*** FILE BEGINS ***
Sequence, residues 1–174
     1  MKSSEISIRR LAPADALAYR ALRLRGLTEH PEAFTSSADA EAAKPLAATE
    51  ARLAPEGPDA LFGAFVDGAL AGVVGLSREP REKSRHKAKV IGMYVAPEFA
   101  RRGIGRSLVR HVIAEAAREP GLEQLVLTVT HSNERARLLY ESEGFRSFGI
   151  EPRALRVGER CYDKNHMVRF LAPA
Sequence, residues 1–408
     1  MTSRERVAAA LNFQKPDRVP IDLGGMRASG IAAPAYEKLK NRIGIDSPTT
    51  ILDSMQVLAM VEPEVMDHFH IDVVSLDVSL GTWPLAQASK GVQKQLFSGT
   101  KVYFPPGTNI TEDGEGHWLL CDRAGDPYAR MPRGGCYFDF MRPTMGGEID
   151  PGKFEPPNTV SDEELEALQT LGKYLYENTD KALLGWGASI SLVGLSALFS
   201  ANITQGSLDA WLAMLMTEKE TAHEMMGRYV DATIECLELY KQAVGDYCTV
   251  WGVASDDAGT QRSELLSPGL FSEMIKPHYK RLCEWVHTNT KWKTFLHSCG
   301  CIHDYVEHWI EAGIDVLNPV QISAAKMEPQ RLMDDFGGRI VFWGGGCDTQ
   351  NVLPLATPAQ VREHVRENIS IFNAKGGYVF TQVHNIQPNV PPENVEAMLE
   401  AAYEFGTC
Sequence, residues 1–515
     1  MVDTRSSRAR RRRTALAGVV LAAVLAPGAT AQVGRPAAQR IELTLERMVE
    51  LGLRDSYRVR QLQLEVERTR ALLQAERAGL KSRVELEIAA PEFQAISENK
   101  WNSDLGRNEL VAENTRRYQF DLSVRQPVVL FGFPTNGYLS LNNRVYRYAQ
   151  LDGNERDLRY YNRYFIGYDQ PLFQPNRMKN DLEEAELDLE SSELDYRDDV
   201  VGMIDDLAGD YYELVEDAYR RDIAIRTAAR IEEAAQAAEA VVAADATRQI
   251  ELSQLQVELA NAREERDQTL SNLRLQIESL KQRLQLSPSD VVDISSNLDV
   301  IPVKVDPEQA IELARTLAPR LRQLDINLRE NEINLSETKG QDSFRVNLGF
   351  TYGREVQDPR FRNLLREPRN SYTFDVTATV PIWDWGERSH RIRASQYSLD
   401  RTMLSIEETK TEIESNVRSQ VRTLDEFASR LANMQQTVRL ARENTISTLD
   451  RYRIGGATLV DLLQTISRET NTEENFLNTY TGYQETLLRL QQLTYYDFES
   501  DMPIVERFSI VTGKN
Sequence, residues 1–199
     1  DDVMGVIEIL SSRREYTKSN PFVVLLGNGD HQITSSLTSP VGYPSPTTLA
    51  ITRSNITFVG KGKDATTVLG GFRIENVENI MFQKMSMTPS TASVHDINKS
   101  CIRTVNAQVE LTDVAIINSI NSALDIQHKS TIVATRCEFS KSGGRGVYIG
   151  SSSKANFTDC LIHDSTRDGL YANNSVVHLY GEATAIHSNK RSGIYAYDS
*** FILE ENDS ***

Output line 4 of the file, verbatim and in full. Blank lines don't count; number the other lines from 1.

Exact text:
   101  RRGIGRSLVR HVIAEAAREP GLEQLVLTVT HSNERARLLY ESEGFRSFGI